WITH incumbent Michael D Higgins leading the opinion polls by a country mile in the presidential election race, it may affect the turn-out next Friday, October 26th. Whatever the level of interest in the election, there seems to be very little in the referendum that is happening that day, many people not even realising that there is one.
Electors will also be asked to vote on a proposal to change the Constitution so that blasphemy will no longer be a criminal offence. At present, Bunreacht na hÉireann says that publishing or saying something blasphemous is an offence punishable under law.
If the referendum is passed, the Oireachtas will be mandated to change the controversial Defamation Act 2009 so that blasphemy is no longer a criminal offence. The current situation seems at odds with the Constitution’s declaration that citizens have the right to freely express their convictions and opinions.
Blasphemy occurs if someone writes or says something that is grossly abusive or insulting in relation to matters held sacred by any religion, thereby causing outrage among a substantial number of the adherents of that religion, and intends to cause that outrage. The sanction for doing so under the 2009 Act is a fine of up to €25,000.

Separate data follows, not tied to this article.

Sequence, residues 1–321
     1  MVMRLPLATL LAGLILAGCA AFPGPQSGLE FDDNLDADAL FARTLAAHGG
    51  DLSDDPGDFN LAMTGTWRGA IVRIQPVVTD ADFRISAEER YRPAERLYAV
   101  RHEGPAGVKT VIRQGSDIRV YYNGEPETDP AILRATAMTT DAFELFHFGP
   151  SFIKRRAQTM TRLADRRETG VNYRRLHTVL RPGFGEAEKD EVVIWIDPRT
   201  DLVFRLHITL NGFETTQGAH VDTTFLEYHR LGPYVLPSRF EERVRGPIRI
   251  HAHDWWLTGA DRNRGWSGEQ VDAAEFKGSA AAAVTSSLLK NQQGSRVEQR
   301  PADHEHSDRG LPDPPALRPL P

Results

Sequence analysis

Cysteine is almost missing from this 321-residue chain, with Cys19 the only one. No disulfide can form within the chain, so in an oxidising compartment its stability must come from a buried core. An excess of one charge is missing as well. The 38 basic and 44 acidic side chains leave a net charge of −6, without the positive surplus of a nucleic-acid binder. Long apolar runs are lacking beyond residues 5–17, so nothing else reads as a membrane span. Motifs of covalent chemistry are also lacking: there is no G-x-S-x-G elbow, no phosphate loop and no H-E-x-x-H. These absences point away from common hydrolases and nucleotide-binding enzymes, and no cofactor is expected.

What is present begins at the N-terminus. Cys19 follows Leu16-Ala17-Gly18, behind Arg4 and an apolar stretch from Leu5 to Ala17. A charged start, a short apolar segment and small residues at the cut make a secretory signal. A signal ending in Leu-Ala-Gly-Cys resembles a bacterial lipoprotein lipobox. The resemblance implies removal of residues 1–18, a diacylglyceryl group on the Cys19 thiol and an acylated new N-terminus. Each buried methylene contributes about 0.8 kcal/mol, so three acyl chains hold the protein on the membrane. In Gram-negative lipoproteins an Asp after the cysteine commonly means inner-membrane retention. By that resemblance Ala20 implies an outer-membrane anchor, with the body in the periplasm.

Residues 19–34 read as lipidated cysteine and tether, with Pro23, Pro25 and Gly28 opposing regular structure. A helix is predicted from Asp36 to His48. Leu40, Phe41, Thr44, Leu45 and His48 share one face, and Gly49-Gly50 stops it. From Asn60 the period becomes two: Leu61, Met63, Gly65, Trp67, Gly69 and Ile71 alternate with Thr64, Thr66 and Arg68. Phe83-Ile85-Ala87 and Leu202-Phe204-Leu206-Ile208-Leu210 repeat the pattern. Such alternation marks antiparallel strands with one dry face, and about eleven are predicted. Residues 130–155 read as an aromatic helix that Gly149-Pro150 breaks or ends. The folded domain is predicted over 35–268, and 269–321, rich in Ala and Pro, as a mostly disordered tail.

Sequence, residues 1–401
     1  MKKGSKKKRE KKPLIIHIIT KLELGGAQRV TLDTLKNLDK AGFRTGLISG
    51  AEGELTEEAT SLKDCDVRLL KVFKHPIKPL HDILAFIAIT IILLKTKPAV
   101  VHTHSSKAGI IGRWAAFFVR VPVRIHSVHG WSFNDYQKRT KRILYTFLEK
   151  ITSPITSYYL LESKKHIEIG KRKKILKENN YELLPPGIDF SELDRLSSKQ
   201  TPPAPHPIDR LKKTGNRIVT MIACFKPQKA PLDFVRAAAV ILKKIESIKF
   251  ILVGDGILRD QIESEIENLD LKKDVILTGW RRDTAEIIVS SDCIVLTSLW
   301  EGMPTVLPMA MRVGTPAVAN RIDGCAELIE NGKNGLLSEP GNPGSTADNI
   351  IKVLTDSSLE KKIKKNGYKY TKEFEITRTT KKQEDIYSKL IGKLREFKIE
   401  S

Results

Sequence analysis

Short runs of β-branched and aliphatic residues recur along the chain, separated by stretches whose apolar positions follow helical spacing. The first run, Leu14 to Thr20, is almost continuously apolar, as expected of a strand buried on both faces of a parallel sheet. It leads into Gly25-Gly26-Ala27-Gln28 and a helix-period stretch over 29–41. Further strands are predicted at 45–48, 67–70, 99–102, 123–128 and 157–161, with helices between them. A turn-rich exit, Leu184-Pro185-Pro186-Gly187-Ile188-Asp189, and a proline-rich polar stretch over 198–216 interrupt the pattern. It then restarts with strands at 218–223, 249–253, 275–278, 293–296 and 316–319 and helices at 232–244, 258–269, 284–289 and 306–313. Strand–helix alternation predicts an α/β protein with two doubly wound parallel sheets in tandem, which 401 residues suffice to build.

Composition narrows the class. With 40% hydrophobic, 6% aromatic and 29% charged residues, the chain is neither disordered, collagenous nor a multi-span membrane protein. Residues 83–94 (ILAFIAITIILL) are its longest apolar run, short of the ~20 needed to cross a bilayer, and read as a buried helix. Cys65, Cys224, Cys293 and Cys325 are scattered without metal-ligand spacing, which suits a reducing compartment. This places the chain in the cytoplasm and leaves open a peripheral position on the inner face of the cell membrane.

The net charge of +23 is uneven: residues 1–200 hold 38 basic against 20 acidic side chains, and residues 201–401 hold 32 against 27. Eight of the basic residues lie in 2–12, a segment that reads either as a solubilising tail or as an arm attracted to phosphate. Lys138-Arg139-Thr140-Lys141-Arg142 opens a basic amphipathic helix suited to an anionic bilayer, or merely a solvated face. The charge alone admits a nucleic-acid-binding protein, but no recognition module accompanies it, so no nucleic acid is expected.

Opponents have aptly described the criminalisation of blasphemy as a ‘medieval’ law. Groups, including Atheist Ireland and the Irish Council for Civil Liberties (ICCL), are campaigning for a ‘Yes’ vote in next Friday’s referendum. They argue that, in many countries, blasphemy laws are used to punish people who call into question the moral authority of religious teachings, and these punishments can be cruel and barbaric.
Some of the more religious will want blasphemy to remain as a crime on our statute books – and they are entitled to their opinion – however most people with a moderate world view will argue the opposite. The Irish Catholic Bishops’ Conference has indicated that it won’t oppose the removal of references to blasphemy in the Constitution, regarding the current article as ‘largely obsolete.’
Its decriminalisation is certainly not going to result in a rash of blasphemous utterances by responsible publications.